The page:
Lumbar sympathectomy. Stellate ganglion blockade. Coeliac plexus block. Splanchnic nerve block, страница 8

As mentioned at the beginning of this chapter, complete analgesia of the operation wound may not be enough to make the patient completely comfortable. Other parenteral analgesics, particularly opioids, will usually be required and should not be withheld. Apart from dealing with pain or discomfort outwith the blocked area, they will often provide much needed sedation. Conventional doses given by -the intramuscular route, e.g. 10 mg morphine, will have particularly good analgesic effect when the main postoperative pain has been relieved by the epidural block.

Epidural opioids

It is well established that opioids injected into the epidural space can cross the dura mater and gain access to the dorsal horns of the spinal cord. By attaching themselves to//-receptors in the substantia gelatinosa of the dorsal horns, they produce excellent analgesia without obvious neural blockade. The doses required are generally less than is used intramuscularly, but there is a wide individual variation in regard to effectiveness and duration.

The oil/water partition coefficient of the various opioids is very important. Low lipid solubility increases the time required for the drug to reach the spinal cord, but increases the duration of effect as the drug will leave the cord only slowly. However, the relatively high water solubility of such drugs will lead to high concentrations in the cerebrospinal fluid and the possibility of cephalad migration with coriseL quent respiratory depression. Morphine, which is the most commonly used drug for this purpose, has a low partition coefficient. Its onset time is long, but its duration is also long, hence its popularity. However, it has been responsible for the great majority of respiratory depressions that have been reported, the incidence of cases requiring active treatment of the depression being of the order of 1 in 200.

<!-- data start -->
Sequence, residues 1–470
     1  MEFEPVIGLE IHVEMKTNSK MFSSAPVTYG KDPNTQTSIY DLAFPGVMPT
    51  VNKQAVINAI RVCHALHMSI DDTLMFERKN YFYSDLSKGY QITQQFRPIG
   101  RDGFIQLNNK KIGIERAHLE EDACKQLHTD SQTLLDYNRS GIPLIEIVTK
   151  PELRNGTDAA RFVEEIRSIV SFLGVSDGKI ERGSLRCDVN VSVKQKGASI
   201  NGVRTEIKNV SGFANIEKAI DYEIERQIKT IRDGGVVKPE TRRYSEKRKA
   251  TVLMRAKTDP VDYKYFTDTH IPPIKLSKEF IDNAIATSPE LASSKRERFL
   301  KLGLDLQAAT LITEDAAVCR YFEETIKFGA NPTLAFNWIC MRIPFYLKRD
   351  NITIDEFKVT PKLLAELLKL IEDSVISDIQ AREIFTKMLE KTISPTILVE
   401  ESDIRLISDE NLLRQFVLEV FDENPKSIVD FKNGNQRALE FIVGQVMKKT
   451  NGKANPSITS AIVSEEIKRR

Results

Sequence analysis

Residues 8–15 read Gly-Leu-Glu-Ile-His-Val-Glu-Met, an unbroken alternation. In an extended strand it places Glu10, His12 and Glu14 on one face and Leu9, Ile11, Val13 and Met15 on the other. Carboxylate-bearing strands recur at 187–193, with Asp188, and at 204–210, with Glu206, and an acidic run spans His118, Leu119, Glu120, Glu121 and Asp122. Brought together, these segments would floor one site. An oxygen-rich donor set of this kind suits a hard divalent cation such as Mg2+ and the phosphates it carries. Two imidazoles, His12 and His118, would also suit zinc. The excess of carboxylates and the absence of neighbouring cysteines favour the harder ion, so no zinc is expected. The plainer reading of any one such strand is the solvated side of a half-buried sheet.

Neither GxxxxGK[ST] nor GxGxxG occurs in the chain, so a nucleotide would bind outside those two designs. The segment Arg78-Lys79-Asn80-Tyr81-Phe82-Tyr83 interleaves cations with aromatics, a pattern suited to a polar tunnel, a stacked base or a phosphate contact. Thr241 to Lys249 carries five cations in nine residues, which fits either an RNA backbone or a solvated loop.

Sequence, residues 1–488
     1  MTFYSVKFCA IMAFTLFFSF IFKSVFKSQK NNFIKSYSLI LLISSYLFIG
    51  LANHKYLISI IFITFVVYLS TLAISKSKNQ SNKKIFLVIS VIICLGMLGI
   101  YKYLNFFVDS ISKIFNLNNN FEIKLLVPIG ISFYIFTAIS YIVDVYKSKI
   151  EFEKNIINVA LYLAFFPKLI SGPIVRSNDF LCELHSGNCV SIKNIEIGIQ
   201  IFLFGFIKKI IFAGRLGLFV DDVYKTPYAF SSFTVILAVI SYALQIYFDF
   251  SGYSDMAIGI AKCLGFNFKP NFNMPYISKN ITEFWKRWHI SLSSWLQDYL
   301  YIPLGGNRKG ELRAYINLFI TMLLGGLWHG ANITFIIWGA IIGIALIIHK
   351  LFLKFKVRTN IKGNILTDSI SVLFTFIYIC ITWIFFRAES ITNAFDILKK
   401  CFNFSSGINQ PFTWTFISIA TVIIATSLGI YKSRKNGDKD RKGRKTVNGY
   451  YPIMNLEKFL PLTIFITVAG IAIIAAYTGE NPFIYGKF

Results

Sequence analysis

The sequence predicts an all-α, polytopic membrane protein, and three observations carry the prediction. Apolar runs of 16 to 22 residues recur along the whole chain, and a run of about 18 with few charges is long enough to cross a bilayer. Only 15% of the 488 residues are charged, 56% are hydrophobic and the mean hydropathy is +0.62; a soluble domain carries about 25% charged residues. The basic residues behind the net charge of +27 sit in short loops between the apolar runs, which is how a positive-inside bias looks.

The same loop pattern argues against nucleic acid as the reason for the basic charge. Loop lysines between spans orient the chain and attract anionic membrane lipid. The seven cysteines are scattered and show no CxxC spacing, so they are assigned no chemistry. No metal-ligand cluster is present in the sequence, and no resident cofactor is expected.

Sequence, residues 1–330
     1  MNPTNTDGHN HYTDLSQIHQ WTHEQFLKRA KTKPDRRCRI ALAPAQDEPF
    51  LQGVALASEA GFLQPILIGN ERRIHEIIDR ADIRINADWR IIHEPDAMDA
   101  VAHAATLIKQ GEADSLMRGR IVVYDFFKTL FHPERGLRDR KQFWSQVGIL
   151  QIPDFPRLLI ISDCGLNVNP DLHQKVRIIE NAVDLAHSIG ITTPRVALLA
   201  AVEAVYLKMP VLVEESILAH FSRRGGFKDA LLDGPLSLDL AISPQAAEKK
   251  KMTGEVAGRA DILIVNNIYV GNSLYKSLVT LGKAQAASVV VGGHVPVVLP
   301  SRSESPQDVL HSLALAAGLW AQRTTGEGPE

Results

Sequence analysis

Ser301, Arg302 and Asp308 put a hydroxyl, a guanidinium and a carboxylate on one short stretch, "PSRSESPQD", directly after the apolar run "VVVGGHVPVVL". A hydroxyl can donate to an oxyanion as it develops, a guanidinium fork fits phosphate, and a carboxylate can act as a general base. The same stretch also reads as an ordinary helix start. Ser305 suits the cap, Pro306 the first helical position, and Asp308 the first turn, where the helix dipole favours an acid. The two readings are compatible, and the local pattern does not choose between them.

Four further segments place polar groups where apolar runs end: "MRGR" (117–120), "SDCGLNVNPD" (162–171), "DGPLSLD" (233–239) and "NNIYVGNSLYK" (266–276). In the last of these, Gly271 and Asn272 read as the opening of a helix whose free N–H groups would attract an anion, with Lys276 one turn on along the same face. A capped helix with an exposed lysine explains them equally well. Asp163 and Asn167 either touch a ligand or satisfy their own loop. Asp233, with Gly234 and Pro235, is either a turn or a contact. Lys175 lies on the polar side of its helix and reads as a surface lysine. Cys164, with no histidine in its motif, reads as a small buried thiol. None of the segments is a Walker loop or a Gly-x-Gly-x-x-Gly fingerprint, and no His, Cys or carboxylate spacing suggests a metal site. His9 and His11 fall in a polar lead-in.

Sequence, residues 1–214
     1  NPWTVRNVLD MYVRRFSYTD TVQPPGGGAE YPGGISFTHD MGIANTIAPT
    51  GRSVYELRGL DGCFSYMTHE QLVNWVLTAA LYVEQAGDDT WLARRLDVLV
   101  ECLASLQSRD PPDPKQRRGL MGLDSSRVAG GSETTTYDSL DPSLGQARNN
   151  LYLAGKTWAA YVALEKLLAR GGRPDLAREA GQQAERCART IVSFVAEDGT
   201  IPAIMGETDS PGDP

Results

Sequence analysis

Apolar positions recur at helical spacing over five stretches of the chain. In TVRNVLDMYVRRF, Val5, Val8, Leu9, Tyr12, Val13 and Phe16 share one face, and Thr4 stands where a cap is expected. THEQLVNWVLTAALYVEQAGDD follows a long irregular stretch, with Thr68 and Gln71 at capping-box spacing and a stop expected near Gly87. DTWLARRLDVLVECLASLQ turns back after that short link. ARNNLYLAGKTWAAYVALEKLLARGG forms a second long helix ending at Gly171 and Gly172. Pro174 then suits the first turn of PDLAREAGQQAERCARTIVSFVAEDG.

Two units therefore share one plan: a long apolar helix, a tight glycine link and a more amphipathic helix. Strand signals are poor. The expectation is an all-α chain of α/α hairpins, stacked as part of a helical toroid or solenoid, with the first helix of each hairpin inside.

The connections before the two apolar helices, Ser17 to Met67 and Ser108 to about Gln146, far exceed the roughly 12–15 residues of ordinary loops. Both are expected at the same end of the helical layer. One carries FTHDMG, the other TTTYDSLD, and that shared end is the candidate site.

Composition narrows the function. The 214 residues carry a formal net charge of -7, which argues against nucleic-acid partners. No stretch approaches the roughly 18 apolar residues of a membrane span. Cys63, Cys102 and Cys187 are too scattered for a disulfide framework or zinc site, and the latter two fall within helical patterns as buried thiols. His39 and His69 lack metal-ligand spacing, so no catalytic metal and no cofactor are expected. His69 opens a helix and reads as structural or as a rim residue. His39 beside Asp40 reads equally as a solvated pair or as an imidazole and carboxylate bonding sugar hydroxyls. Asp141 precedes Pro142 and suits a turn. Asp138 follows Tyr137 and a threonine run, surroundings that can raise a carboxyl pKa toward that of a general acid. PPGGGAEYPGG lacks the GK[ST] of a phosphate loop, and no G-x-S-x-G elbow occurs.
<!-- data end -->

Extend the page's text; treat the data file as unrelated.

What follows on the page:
High lipid solubility on the other hand leads to a shorter onset and a low incidence of respiratory depression, but the duration is relatively short. Drugs such as fentanyl (and its derivatives), pethidine, methadone and diamorphine all have high lipid solubility and if used alone required frequent injections. Lipid soluble drugs should be injected at or near the appropriate spinal segments subserving the pain, as

they will occupy receptors in the nearest part of the spinal cord and be unable to migrate any distance.

Most opioids are given epidurally in doses 20-50% of that usually used IM.


The main side effects are:

1. Respiratory depression. This unfortunately is not easy to monitor though the respiratory rate may be helpful. Particular care is necessary if IM opioid has also been given.

2. Pruritis. Usually this is tolerable but can be troublesome.

3. Urinary retention.

4. Nausea and vomiting.

Naloxone is effective in reversing respiratory depression but it may have to be continued for many hours. It will also reverse excessive pruri-tis without affecting the analgesia.

Combination of local anaesthetic drugs and opioids

Several studies have now shown that the best results in treating postoperative pain come from epidural injections of a mixture of a local anaesthetic and an opioid, particularly when given as an infusion.

Because the two drugs have a different site of action, the dose of each can be kept to a minimum with a consequent reduction in side-effects.

Because the duration of effect of a drug is of little consequence when given by continuous infusion, it is possible to use an opioid of high lipid solubility with little risk of respiratory depression, e.g. fentanyl, sufentanyl or diamorphine, given at 5-10% of their normal IM dose per hour, mixed with 0.125% bupivacaine at 15 ml/h. Morphine at a rate of 0.5 mg/h is also effective mixed with 0.125% bupivacaine. The avoidance of bolus doses of opioid may also protect against respiratory depression.

The local anaesthetic drug will retain most of the advantages of continuous nerve block mentioned above.

Suggested regimes

See Tables 220:1 and 220:2.

Table 220:1.

Operation Catheter Initial bolus Infusion rate site position dose Bupi- Bupivacaine _________________ vacaineO.5% 0.125%